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Consider the continuous-time birth-and-death Markov chain on $\{1,\cdots,n\}$ with all rates equal to $1$. Is it true that the convergence to equilibrium, in total variation distance, is slowest when the initial state is an endpoint?

Here is a concrete reformulation: consider the matrix $$ L = \begin{pmatrix} -1 & 1 & 0 & \cdots & 0 \\ 1 & -2 & 1 & \cdots & 0 \\ \vdots & \ddots & \ddots & \ddots & \vdots \\ 0 & 0 & 1 & -2 & 1 \\ 0 & 0 & 0 & 1 & -1 \end{pmatrix}. $$

The question is whether for every $t>0$, among the rows of $\exp(tL)$, the $\ell_1$-distance to $(\frac{1}{n}, \cdots ,\frac{1}{n})$ is maximal for the first (and last) row.

This is true for small enough $t$ (consider the Taylor expansion of the exponential) and for large enough $t$ (see the answer by Mateusz Kwaśnicki) but I would like an argument working for every $t>0$.

It looks obvious but I have no idea how to prove it.

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We denote $\mu = (\frac{1}{n},\cdots,\frac{1}{n})$. First remark : because the convexity of $\ell^1$, for any $t$ the maximum of $\|\exp(tL)\nu-\mu\|_{\ell^1}$ is obtain when $\nu = \delta_x$, $x\in \{1,\cdots,n\}$ so we only have to compare these measures. We now consider the following equivalent system: The markov chain is on $\{1,\cdots,2n\}$ with periodic boundary conditions. ie $$\tilde{L}=\begin{pmatrix} -2 & 1 & 0 & \cdots & 0 &1 \\ 1 & -2 & 1 & 0 & \cdots & 0 \\ 0 & 1 & \ddots & & & \vdots \\ \vdots \\ 0 &&&&\ddots &1\\ 1 & & & &1 & -2\end{pmatrix} $$ with symetric initial condition : $\nu(2n+1-y)=\nu(y)$. As the symetry is conserved : for all $t$ $\nu_t := \exp(t\tilde{L})\nu $ stay symetric. This system is indeed similar to the first one. (with the transformation $\phi : \mathbb{P}(\{1,\cdots,2n\})\rightarrow \mathbb{P}(\{1,\cdots n\})$ $\phi (\nu_t)(k) = \nu_t(k)+\nu_t(2n+1-k)$

As the $\tilde{L}$ is translation invariant for all $t$ we have a kernal $K_t$ $$[\exp(t\tilde{L})\delta_x](y) = K_t(x-y)$$ with $K_t(-k)=K_t(k)=K_t(2n-k)$ for all $k$. Moreover we claim that $K_t(k)$ is decreasing for $k$ in $0,\cdots,(n-1)$.

Let $1\leq i\leq n$ and $\nu^i = \frac{1}{2}(\delta_i+\delta_{2n+1-i})$. $$ \|\nu_t^i-\tilde{\mu}\|_{\ell^1} = \sum_{x\leq 2n} \big|\frac{1}{2}(K_t(x-i)+K_t(x+i-1))-\frac{1}{2n}) \big|$$ We divide the sum in two part $$X_1 = [x: K_t(x-i)\leq \frac{1}{2n} \text{,} K_t(x+i-1)\leq \frac{1}{2n}]\cup [x: K_t(x-i)\geq \frac{1}{2n} \text{,} K_t(x+i-1)\geq \frac{1}{2n}]$$ and $X_2 = \{1,\cdots 2n\}/X_1 $. We have then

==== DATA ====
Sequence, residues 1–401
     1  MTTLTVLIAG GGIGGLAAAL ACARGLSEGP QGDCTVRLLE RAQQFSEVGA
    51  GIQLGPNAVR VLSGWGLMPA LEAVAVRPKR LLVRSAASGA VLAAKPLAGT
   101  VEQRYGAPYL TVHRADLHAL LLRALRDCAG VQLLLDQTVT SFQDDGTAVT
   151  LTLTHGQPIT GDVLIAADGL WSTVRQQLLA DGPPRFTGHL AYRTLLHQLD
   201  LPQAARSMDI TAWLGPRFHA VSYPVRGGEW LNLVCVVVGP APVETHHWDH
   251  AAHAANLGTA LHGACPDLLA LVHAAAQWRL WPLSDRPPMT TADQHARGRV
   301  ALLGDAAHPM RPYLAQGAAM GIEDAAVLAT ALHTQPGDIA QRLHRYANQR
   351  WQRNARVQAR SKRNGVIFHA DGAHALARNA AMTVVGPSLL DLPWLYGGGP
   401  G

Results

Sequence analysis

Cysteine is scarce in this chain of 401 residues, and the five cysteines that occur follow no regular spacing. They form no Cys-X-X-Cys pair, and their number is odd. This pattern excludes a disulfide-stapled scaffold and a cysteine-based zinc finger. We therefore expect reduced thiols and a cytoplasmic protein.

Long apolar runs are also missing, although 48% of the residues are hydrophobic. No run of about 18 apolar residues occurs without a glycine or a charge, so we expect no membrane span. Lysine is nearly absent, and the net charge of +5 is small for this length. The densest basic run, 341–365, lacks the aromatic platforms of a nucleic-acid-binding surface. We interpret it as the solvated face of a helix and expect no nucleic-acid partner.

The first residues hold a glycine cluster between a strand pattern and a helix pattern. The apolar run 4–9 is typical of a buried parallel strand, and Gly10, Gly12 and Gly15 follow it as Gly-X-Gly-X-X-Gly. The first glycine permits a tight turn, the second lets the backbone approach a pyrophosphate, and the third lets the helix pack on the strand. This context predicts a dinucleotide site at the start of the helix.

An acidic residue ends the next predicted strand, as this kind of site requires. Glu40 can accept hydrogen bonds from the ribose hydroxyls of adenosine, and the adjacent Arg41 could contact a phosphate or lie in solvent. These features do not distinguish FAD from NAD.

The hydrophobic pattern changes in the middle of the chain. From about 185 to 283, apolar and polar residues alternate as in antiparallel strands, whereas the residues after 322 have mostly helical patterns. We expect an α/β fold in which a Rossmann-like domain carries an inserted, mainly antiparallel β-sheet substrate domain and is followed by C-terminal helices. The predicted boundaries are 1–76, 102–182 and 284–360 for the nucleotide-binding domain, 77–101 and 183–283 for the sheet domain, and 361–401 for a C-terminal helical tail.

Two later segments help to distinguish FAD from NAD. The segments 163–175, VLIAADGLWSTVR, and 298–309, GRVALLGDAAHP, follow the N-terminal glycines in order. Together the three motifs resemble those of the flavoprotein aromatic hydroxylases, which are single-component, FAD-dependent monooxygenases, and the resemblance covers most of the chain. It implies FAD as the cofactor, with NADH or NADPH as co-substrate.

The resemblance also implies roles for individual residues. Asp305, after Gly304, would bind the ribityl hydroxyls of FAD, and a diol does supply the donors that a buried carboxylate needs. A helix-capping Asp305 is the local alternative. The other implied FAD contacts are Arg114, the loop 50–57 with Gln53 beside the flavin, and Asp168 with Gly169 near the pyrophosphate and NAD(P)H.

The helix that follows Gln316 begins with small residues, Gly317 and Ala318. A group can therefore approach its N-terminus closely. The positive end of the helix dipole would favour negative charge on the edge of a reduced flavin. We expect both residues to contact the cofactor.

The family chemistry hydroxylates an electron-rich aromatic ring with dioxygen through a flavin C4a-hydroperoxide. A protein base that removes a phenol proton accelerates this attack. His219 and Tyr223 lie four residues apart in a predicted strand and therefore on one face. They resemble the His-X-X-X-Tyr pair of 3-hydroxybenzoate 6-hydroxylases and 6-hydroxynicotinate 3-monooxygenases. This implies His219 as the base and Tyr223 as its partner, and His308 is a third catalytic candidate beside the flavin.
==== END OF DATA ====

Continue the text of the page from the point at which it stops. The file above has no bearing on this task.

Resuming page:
$$ \|\nu_t^i-\tilde{\mu}\|_{\ell^1} = \frac{1}{2} \sum_{x\in X_1} \big|K_t(x-i)-\frac{1}{2n}\big|+\big| K_t(x+i-1)-\frac{1}{2n}\big|+\frac{1}{2} \sum_{x\in X_2} \big| |K_t(x-i)-\frac{1}{2n}|-| K_t(x+i-1)-\frac{1}{2n}|\big| \\ = \|K_t - \tilde{\mu}\|_{\ell^1} - \sum_{x\in X_2} \min(| K_t(x+i-1)-\frac{1}{2n}|,| K_t(x-i)-\frac{1}{2n}|) $$ As $K_t$ is monotone in the distance $|x-i|$, $X_1$ and $X_2$ are an union of two segment in $\{ 1,\cdots , 2n\}$. In the particular case of $i=1$, there exists $k_0$ such that $K_t(x-1)\geq \frac{1}{2n}$ for all $1 \leq x\leq k_0$ and $K_t(x-1)< \frac{1}{2n}$ for all $k_0<x < 2n - k_0$. Therefore $K_t(x) \geq \frac{1}{2n}$ for all $0 \leq x\leq k_0-1 $ and $K_t(x)< \frac{1}{2n}$ for all $k_0-1<x < 2n - k_0-1$ and then $X_2 = \{k_0 , 2n - k_0\}$, moreover $$K_t(0)\geq K_t(1)\geq \cdots K_t(k_0-1)\geq \frac{1}{2n} \geq K_t(k_0) \geq \cdots \geq K(n-1) $$ and then $$\min(|K_t(k_0-1)-\frac{1}{2n}|,|K_t(k_0)-\frac{1}{2n}|) = \min_{k\leq 2n} |K_t(k)-\frac{1}{2n}|$$ We finally have $$ \|\nu_t^i-\tilde{\mu}\|_{\ell^1} == \|K_t - \tilde{\mu}\|_{\ell^1} - 2 \min_{k\leq 2n} |K_t(k)-\frac{1}{2n}|$$ and we can conclude that $\|\nu_t^1-\tilde{\mu}\|_{\ell^1}=\max_i \|\nu_t^i-\tilde{\mu}\|_{\ell^1} $

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  • $\begingroup$ Thanks a lot RaphaelB4, that's really a very nice argument! $\endgroup$ – Guillaume Aubrun Jun 16 at 19:24
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The first non-trivial (i.e. corresponding to the smallest in absolute value, non-zero eivenvalue) eigenvector is $$ v_1 = (\cos((k - \tfrac{1}{2}) \tfrac{\pi}{n}) : k = 11, \ldots, n) ,$$ corresponding to eigenvalue $$ \lambda_1 = -2 (1 - \cos \tfrac{\pi}{n}) . $$ Writing out the eigenvector expansion of $\exp(t L)$, one easily sees that the rows converge to the uniform distribution at rate $\exp(\lambda_1 t)$, with constants given by $v_1(k) v_1(l)$ for row $k = 1, 2, \ldots, n$ and column $l = 1, 2, \ldots, n$.

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  • $\begingroup$ This seems to answer the question for $t$ large enough. Correct? $\endgroup$ – Guillaume Aubrun Jun 12 at 13:51
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    $\begingroup$ @GuillaumeAubrun: Ah, right, I did not notice that the question asked for all $t > 0$. Sorry! $\endgroup$ – Mateusz Kwaśnicki Jun 12 at 18:54

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